Wednesday, 19 December 2018

How old should a dog be to start canine physical therapy?

Some people suggest that massage is only beneficial for senior dogs or canine athletes. The workshops Cathie and I designed recently, focussed on ways that manual therapy, exercises and knowledge can help influence the way that development progresses – from puppyhood to senior years. Of course, physical therapy is especially good for our silver faced chums with all sorts of benefits. But youngsters have a high level of activity – often wiggling and waggling carefree all over the place. 

Moss was a perfect example of this. He is a 5 month old Vizsla/Collie cross with that infectious lust for life puppies have. He’s not worried about warming up, running too far, tripping up, straining muscles – he just wants to see what new and exciting thing is around that corner and if it’s even better than the thing he is currently playing with. 

But this carefree attitude can lead to mobility niggles. In Moss’s case, he was developing a stiff back leg at the end of his walks. Although the walks are kept appropriate puppy length, he does love to play chase in the garden with his older, but still young, sister. At the vet consult before the therapy session, it was found that he was reluctant to fully extend either stifle. 

His Mum had heard of us through Debbie Peters of Schooling 4 Dogs and asked if I could go over to check things out. 

Of course, Moss is a wriggler. He’s a puppy. But we found that there were two ways to keep him still (-ish). One was to allow him to totally wash my face, ears, beard and neck – that way meant that I could work with his hind legs – mind you I could not see a thing. The other was to give him something to chew – preferably not my massage mat. That way I could work all over.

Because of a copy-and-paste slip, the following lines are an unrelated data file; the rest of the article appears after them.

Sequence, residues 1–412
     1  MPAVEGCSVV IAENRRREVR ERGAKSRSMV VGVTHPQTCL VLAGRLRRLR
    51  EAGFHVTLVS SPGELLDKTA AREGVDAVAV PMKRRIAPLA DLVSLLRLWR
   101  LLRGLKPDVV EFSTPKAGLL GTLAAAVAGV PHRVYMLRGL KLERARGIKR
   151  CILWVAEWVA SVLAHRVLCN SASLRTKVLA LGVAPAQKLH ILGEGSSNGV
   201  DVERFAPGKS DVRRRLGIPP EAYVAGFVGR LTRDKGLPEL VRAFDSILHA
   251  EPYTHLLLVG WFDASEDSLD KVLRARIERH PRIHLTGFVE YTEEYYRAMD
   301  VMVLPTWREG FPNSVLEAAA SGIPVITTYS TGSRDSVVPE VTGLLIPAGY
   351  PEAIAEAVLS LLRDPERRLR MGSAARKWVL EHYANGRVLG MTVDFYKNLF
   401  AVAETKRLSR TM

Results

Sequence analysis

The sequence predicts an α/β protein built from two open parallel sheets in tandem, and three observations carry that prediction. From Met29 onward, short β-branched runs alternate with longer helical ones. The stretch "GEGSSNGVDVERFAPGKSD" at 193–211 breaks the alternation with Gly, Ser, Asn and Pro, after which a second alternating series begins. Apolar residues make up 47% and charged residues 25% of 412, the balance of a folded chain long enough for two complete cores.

Between those two distractions, we managed to discover he did, indeed, have very tight thigh muscles – particularly those of the left. It’s likely he simply ‘pulled’ something which had gone undiscovered and unnoticed in general puppy wriggling and enthusiasm. 

In the next hour, in between puppy tongue washes and treat nibbling, Moss received a good massage and his Mum and Dad received education on what is going on under that seething mass of puppy. They learned how to feel him – not pet him and to understand how a normal muscle should feel and what Moss’s tight muscles felt like. 

You don’t need to wait before adding physical therapy into your dog’s growing-up. Armed with their recent knowledge of a massage routine, exercises and our warm-up/cool-down, his Mum and Dad are well equipped to help Moss’s current issues but also to continue that maintenance through his next stages of life. 

Keep enjoying life Moss.

Tuesday, 11 December 2018

Canine Massage Therapy #123456 - "Being able to chase that dog you've always fancied"

For our latest Double Therapist Day, we worked with senior girls Lyla and Midge. Midge chose Chris while Lyla chose me. 

Lovely Lyla is a 12 year old Doberman who has a history of stiffness in her forelimbs. Radiographs taken last year showed arthritic changes in both carpi and digits. She is a happy potterer when out walking and her Mum wanted to start maintenance massage to support her through the next stages of her life.